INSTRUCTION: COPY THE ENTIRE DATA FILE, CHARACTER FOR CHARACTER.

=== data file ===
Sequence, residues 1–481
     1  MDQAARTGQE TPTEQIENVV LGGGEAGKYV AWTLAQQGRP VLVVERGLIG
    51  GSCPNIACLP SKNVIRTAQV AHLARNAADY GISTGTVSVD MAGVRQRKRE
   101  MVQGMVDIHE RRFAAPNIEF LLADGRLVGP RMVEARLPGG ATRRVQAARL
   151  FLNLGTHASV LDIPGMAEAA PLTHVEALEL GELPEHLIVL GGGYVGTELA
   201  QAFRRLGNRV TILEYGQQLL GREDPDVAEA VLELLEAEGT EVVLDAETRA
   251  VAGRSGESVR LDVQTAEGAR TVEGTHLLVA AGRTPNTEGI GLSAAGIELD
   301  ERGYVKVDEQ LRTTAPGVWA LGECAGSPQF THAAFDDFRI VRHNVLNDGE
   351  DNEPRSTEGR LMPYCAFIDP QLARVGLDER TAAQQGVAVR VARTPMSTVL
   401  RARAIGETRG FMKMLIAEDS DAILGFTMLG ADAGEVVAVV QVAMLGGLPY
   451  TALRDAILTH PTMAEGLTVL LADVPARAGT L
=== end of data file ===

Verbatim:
Sequence, residues 1–481
     1  MDQAARTGQE TPTEQIENVV LGGGEAGKYV AWTLAQQGRP VLVVERGLIG
    51  GSCPNIACLP SKNVIRTAQV AHLARNAADY GISTGTVSVD MAGVRQRKRE
   101  MVQGMVDIHE RRFAAPNIEF LLADGRLVGP RMVEARLPGG ATRRVQAARL
   151  FLNLGTHASV LDIPGMAEAA PLTHVEALEL GELPEHLIVL GGGYVGTELA
   201  QAFRRLGNRV TILEYGQQLL GREDPDVAEA VLELLEAEGT EVVLDAETRA
   251  VAGRSGESVR LDVQTAEGAR TVEGTHLLVA AGRTPNTEGI GLSAAGIELD
   301  ERGYVKVDEQ LRTTAPGVWA LGECAGSPQF THAAFDDFRI VRHNVLNDGE
   351  DNEPRSTEGR LMPYCAFIDP QLARVGLDER TAAQQGVAVR VARTPMSTVL
   401  RARAIGETRG FMKMLIAEDS DAILGFTMLG ADAGEVVAVV QVAMLGGLPY
   451  TALRDAILTH PTMAEGLTVL LADVPARAGT L